I have the opportunity of working on all types of cases. In any given week, I could be negotiating a merger with the FTC or DOJ, arguing to defeat class certification in federal court, negotiating the quiet closure of a grand jury investigation, or counseling a client on how to achieve a business goal in a way that mitigates legal risk to avoid the courts and the government.

I am lead counsel for Pilgrim’s Pride in In re Broiler Chicken Antitrust Litigation, where I was appointed liaison counsel for more than 20 defendants in defending more than 30 complaints, including three class actions. Having successfully defeated a purported class action against Hilton at Rule 12 several years ago, I was asked by Hilton to lead their defense when both a class action and a direct suit were filed alleging a hotel conspiracy regarding key word bidding. I have led the defense of Michael Foods for many years in In re Processed Eggs Antitrust Litigation. Over 10 years of litigation, arguing on behalf of the entire defense group, I successfully defeated indirect purchaser class certification and a direct purchaser class and prevailed on various summary judgment motions.

I also have the opportunity to work closely with my clients on their transactional matters, securing approvals of proposed mergers, acquisitions, and joint ventures from both the DOJ and the FTC. This year, I was thrilled to obtain the clearance without Second Request of longtime client MovieTickets.com in its acquisition by historic competitor Fandango. I also represented The Great Atlantic & Pacific Tea Company, Inc. (A&P) in its chapter 11 case. Through persuasive advocacy to the FTC and effective use of the rarely successful failing firm defense, I secured antitrust clearance from the FTC for the sale of 120 stores to supermarket competitors.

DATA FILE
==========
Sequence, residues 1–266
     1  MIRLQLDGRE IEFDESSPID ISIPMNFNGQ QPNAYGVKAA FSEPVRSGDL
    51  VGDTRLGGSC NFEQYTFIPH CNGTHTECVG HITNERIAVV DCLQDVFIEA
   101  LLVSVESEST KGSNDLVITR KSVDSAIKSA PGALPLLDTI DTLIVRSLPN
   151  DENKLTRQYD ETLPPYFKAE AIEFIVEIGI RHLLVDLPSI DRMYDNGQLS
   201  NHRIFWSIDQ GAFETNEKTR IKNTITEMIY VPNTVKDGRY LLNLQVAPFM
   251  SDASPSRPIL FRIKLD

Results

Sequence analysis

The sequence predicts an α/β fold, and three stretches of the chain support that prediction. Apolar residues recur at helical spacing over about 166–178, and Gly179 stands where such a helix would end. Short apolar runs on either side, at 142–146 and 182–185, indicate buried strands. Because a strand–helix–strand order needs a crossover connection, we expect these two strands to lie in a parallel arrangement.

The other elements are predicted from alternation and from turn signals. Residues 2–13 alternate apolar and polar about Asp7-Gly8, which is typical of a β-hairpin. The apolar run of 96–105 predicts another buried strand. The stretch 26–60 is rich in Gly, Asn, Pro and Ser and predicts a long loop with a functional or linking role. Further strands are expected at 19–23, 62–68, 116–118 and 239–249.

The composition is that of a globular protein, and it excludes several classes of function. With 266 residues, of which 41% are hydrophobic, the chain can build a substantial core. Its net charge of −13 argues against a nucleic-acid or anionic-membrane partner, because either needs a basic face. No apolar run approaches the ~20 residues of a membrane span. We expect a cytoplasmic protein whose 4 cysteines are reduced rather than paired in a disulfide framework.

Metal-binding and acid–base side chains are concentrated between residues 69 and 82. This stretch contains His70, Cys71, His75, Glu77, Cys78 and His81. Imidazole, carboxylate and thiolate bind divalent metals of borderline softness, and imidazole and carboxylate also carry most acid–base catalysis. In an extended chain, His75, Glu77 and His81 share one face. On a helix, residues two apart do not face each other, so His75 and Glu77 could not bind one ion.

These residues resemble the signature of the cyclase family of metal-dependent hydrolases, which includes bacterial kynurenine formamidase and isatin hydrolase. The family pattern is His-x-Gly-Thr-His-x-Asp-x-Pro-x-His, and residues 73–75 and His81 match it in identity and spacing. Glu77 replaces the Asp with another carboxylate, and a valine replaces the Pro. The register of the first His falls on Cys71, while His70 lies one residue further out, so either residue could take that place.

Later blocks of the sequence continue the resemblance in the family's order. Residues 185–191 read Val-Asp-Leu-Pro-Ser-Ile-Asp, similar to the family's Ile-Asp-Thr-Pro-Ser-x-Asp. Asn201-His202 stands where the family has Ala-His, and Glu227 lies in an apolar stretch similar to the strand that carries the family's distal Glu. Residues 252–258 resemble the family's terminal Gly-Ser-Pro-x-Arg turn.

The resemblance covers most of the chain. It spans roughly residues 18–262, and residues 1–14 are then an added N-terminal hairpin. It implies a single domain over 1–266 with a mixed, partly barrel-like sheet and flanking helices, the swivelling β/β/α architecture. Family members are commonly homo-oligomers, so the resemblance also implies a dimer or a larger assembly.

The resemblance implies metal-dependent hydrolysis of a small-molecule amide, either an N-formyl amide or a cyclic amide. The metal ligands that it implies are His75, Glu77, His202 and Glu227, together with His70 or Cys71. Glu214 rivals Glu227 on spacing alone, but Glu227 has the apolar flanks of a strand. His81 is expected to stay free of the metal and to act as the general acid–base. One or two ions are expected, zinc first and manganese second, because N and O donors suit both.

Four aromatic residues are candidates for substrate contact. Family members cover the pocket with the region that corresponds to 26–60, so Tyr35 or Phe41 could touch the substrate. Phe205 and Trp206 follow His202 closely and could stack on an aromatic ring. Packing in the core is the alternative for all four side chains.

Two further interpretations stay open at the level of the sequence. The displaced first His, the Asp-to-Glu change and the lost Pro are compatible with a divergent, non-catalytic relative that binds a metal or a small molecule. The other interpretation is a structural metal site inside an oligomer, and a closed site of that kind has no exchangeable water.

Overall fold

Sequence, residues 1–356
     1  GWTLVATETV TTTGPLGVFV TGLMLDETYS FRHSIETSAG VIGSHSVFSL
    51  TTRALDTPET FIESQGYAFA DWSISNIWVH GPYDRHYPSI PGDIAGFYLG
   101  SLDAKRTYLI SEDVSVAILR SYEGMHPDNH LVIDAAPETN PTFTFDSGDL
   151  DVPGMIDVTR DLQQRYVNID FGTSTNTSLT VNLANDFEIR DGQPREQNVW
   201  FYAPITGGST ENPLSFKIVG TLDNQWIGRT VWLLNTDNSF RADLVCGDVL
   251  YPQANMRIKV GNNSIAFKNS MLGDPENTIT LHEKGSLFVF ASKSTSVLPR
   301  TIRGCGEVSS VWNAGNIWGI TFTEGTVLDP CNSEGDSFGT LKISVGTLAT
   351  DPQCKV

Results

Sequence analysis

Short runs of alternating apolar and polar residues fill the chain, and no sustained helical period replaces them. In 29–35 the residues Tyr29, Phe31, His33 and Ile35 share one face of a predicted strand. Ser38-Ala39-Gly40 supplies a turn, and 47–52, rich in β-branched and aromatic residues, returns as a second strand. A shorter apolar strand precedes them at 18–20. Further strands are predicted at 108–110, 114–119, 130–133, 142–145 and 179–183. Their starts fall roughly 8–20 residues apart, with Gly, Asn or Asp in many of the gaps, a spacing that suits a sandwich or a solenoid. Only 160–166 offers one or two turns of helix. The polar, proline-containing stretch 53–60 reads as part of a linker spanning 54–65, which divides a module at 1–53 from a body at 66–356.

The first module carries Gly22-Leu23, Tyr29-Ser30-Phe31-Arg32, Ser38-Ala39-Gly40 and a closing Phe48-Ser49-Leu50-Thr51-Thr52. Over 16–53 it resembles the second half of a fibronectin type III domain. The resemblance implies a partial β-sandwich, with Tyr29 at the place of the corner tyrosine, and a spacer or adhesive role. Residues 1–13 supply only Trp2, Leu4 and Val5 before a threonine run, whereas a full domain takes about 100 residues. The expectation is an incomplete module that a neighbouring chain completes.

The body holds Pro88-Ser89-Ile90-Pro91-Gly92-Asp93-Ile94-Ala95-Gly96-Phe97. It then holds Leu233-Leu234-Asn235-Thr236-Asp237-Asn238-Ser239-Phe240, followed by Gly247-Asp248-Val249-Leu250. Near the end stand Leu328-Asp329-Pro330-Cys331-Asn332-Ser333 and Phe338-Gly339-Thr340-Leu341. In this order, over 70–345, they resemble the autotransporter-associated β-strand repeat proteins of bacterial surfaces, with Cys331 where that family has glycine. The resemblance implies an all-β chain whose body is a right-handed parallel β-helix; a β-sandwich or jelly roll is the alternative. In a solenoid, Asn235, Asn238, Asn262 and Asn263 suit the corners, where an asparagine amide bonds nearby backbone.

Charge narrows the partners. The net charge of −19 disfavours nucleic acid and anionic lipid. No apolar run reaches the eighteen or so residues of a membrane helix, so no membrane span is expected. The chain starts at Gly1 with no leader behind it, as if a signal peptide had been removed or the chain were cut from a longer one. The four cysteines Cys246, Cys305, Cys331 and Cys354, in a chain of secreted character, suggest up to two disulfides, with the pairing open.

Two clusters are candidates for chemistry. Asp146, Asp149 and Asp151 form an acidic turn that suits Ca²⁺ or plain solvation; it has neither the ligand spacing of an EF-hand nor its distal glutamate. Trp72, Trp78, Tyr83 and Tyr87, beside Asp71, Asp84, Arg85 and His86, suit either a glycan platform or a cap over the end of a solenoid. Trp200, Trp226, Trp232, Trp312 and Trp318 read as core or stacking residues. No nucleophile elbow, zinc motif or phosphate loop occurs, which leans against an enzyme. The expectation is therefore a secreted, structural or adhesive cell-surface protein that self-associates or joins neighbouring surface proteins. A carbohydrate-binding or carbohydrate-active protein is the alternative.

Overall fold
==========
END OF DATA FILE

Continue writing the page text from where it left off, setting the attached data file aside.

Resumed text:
I have several matters in which I represent clients in various grand jury investigations. Most recently, I obtained closure without indictment of a client in an investigation into the media industry.

How did you choose this practice area?

I took some time off between college and law school and had the opportunity to participate in the Outstanding Scholars program as a paralegal at the Antitrust Division of the DOJ. Long debating a career in business versus law, I quickly realized that antitrust was the perfect combination. Diving into proposed mergers requires immediate and complete immersion in an industry—what’s the product, who else makes it, who could make it, how do they make it, what could be used in its place? It barely took a day—I was hooked. During law school, I summered and interned at the FTC with an amazing group of lawyers reviewing pharmaceutical mergers. It was then that I knew antitrust was what I wanted to do. While I ended up in private practice, I continue to work more than two decades later with those same lawyers—a number of whom are now my partners and have long been my friends. Over the years, my practice expanded beyond mergers into the Sherman Act, which presents even more complicated and challenging legal and economic issues. But the consistent thrill of diving into a business problem to navigate complicated legal and economic issues has never lost its allure. I have never looked back or had second thoughts—antitrust was and is for me!

What is a typical day like and/or what are some common tasks you perform?